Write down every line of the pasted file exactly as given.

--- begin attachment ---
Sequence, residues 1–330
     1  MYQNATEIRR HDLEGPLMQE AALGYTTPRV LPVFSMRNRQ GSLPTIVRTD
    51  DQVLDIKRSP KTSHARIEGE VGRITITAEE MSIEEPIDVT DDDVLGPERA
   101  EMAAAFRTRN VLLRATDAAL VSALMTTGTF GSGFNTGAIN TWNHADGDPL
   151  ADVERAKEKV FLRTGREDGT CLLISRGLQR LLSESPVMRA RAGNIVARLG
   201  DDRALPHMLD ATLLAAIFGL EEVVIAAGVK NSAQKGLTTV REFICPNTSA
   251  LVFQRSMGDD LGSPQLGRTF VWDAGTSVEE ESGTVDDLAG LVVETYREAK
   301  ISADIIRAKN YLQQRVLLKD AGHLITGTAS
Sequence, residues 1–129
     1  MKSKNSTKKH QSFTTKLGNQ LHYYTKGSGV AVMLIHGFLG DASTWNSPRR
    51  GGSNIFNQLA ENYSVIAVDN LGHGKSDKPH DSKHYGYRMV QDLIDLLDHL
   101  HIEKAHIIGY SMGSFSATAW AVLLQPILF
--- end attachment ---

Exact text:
Sequence, residues 1–330
     1  MYQNATEIRR HDLEGPLMQE AALGYTTPRV LPVFSMRNRQ GSLPTIVRTD
    51  DQVLDIKRSP KTSHARIEGE VGRITITAEE MSIEEPIDVT DDDVLGPERA
   101  EMAAAFRTRN VLLRATDAAL VSALMTTGTF GSGFNTGAIN TWNHADGDPL
   151  ADVERAKEKV FLRTGREDGT CLLISRGLQR LLSESPVMRA RAGNIVARLG
   201  DDRALPHMLD ATLLAAIFGL EEVVIAAGVK NSAQKGLTTV REFICPNTSA
   251  LVFQRSMGDD LGSPQLGRTF VWDAGTSVEE ESGTVDDLAG LVVETYREAK
   301  ISADIIRAKN YLQQRVLLKD AGHLITGTAS
Sequence, residues 1–129
     1  MKSKNSTKKH QSFTTKLGNQ LHYYTKGSGV AVMLIHGFLG DASTWNSPRR
    51  GGSNIFNQLA ENYSVIAVDN LGHGKSDKPH DSKHYGYRMV QDLIDLLDHL
   101  HIEKAHIIGY SMGSFSATAW AVLLQPILF